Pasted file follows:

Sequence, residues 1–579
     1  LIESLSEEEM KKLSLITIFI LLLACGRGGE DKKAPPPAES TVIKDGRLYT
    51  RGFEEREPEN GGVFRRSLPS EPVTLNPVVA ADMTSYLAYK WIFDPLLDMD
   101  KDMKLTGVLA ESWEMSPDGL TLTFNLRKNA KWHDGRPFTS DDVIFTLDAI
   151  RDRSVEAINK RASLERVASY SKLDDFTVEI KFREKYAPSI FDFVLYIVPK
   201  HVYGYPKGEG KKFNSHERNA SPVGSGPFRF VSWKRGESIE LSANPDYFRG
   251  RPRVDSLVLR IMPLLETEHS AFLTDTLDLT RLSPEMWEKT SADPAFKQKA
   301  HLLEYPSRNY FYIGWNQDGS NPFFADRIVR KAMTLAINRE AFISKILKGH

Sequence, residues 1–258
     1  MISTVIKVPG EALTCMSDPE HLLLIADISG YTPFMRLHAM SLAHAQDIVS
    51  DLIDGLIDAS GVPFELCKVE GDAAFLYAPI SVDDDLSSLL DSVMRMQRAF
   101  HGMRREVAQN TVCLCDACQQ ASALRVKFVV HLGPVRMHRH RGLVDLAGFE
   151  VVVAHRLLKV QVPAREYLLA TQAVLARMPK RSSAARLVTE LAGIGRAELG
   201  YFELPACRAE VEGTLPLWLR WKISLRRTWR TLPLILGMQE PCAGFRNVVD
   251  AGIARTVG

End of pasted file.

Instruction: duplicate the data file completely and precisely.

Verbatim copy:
Sequence, residues 1–579
     1  LIESLSEEEM KKLSLITIFI LLLACGRGGE DKKAPPPAES TVIKDGRLYT
    51  RGFEEREPEN GGVFRRSLPS EPVTLNPVVA ADMTSYLAYK WIFDPLLDMD
   101  KDMKLTGVLA ESWEMSPDGL TLTFNLRKNA KWHDGRPFTS DDVIFTLDAI
   151  RDRSVEAINK RASLERVASY SKLDDFTVEI KFREKYAPSI FDFVLYIVPK
   201  HVYGYPKGEG KKFNSHERNA SPVGSGPFRF VSWKRGESIE LSANPDYFRG
   251  RPRVDSLVLR IMPLLETEHS AFLTDTLDLT RLSPEMWEKT SADPAFKQKA
   301  HLLEYPSRNY FYIGWNQDGS NPFFADRIVR KAMTLAINRE AFISKILKGH

Sequence, residues 1–258
     1  MISTVIKVPG EALTCMSDPE HLLLIADISG YTPFMRLHAM SLAHAQDIVS
    51  DLIDGLIDAS GVPFELCKVE GDAAFLYAPI SVDDDLSSLL DSVMRMQRAF
   101  HGMRREVAQN TVCLCDACQQ ASALRVKFVV HLGPVRMHRH RGLVDLAGFE
   151  VVVAHRLLKV QVPAREYLLA TQAVLARMPK RSSAARLVTE LAGIGRAELG
   201  YFELPACRAE VEGTLPLWLR WKISLRRTWR TLPLILGMQE PCAGFRNVVD
   251  AGIARTVG